Each collection specification must contain a settings block, even if it is empty. API applies sensible defaults to collections, all of which can be overridden using properties in the settings block. Collection configuration is controlled in the following way:

{
  "settings": {
    "cache": true,
    "authenticate": true,
    "count": 100,
    "sort": "title",
    "sortOrder": 1,
    "callback": null,
    "storeRevisions": false
    "index": []
  }
}
Property Description Default Example
displayName A friendly name for the collection. Used by the auto-generated documentation plugin. n/a "Articles"
cache If true, caching is enabled for this collection. The global config must also have cache: true for caching to be enabled false true
authenticate Specifies whether requests for this collection require authentication, or if there only certain HTTP methods that must be authenticated true false, ["POST"]
count The number of results to return when querying the collection 50 100
sort The field to sort results by "_id" "title"
sortOrder The sort direction to sort results by 1 1 = ascending, -1 = descending
storeRevisions If true, every change to a document will cause the previous version to be saved to a revision/history collection true false
revisionCollection The name of the collection used to hold revision documents The collection name with "History" appended "authorsHistory"
callback x x x
defaultFilters Specifies a default query for the collection. A filter parameter passed in the querystring will extend these filters. {} { "published": true }
fieldLimiters Specifies a list of fields for inclusion/exclusion in the response. Fields can be included or excluded, but not both. See Returning Data for more detail. {} { "title": 1, "author": 1 }, { "dob": 0, "state": 0 }
index Specifies a set of indexes that should be created for the collection. See Creating Database Indexes for more detail. [] { "keys": { "username": 1 }, "options": { "unique": true } }

Overriding configuration using querystring parameters

It is possible to override some of these values when requesting data from the endpoint, by using querystring parameters. See Querying a collection for detailed documentation.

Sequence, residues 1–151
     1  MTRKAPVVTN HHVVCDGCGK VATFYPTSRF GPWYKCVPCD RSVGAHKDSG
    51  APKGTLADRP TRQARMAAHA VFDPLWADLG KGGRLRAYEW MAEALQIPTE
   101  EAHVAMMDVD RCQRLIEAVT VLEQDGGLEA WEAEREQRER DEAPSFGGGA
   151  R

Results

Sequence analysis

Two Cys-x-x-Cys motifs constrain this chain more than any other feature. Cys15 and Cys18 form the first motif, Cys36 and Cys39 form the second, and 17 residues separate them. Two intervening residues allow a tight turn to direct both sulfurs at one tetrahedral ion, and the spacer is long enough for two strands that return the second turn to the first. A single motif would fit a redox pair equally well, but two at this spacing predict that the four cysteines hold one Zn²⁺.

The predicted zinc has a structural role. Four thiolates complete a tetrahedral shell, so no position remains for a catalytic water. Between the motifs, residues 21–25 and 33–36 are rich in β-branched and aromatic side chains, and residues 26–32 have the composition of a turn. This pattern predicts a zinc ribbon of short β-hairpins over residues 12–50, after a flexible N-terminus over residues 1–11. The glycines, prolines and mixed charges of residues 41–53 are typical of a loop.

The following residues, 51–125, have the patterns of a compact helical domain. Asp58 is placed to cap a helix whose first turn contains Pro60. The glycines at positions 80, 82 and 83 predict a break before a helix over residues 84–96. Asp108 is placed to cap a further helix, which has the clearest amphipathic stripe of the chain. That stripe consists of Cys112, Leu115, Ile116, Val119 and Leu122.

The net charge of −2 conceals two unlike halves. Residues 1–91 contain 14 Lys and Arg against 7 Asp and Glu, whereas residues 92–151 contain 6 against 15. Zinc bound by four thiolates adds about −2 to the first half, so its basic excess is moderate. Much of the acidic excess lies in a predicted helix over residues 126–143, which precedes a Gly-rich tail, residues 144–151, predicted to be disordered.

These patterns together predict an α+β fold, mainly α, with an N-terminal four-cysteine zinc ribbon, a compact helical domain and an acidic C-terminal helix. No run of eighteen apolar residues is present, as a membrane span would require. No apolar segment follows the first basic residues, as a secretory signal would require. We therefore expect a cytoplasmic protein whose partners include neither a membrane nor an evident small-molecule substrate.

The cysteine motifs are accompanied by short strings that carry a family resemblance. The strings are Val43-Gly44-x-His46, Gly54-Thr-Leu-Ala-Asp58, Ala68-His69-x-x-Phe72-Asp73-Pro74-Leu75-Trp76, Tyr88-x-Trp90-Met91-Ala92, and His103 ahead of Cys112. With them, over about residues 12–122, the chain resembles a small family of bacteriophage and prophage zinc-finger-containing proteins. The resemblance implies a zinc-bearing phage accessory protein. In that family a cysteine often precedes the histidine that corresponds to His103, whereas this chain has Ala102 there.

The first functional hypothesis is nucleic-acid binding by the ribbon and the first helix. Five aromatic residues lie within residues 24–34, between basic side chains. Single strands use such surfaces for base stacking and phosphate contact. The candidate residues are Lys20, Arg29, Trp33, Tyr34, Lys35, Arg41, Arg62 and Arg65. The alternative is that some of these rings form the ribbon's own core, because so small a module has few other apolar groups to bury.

Link hereCollection Configuration Endpoints

Every collection in your API has an additional configuration route available. To use it, append /config to one of your collection endpoints, for example: https://api.somedomain.tech/1.0/libray/books/config.

If the collection already exists (that is, a collection specification is located at workspace/collections/1.0/library/collection.books.json), making a GET request to the collection's configuration endpoint returns the collection schema:

GET /1.0/library/books/config HTTP/1.1
Content-Type: application/json
Authorization: Bearer 37f9786b-3f39-4c87-a8ff-9530efd176c3
Host: api.somedomain.tech
Connection: close
HTTP/1.1 200 OK
content-type: application/json
content-length: 12639
Date: Mon, 18 Sep 2017 14:05:44 GMT
Connection: close

{
  "fields": {
    "published": {
      "type": "Object",
      "label": "Published State",
      "required": true
    }
  },
  "settings": {
  }
}

Link hereCreating a collection specification

There are two ways to create a collection specification. The first, using a text editor and adding a file to the collections directory on the filesystem, has already been discussed. The second way is to use the API's "collection configuration" endpoints.

If the collection does not already exist, you can create it by making a POST request to the configuration endpoint. API will use the various parts of the endpoint URL to determine version, database and collection name. A new file will be created in the collections directory at workspace/collections/<version>/<database>/collection.<collection name>.json). The collection specification must be sent as the body of the POST request.

POST /1.0/library/books/config HTTP/1.1
Content-Type: application/json
Authorization: Bearer 37f9786b-3f39-4c87-a8ff-9530efd176c3
Host: api.somedomain.tech
Connection: close
Content-Length: 140

{
  "fields": {
    "title": {
      "type": "String",
      "label": "The Book Title",
      "required": true
    }
  },
  "settings": {
  }
}
HTTP/1.1 200 OK
content-type: application/json
Date: Mon, 18 Sep 2017 15:18:01 GMT
Connection: close
Content-Length: 57

{
  "result": "success",
  "message": "books collection created"
}

Note

To create or edit collection specifications using the configuration endpoints, you must use an access token obtained by using credentials for a client with an accessType of "admin". See the Authentication section for more detail.

If your access token was not obtained using a set of "admin" credentials, API responds with HTTP 401 Unauthorized.

HTTP/1.1 401 Unauthorized
WWW-Authenticate: Bearer realm="/1.0/library/books/config"
content-type: application/json
content-length: 18
Date: Mon, 18 Sep 2017 14:16:46 GMT
Connection: close

Link hereEditing a collection specification

Modifying an existing collection specification can be done by making another POST request to the collection's configuration endpoint. The full collection specification must be sent as the body of the POST request.

POST /1.0/library/books/config HTTP/1.1
Content-Type: application/json
Authorization: Bearer c389340b-718f-4eed-8e8e-3400a1c6cd5a
Host: api.somedomain.tech
Connection: close
Content-Length: 254

{
  "fields": {
    "title": {
      "type":"String",
      "label":"The Book's Title",
      "required":true
    }
  },
  "settings":{
    "authenticate": true
  }
}
HTTP/1.1 200 OK
content-type: application/json
content-length: 20
Date: Mon, 18 Sep 2017 15:21:32 GMT
Connection: close

{
  "result": "success"
}

Link hereThe REST API

Link hereWorking with data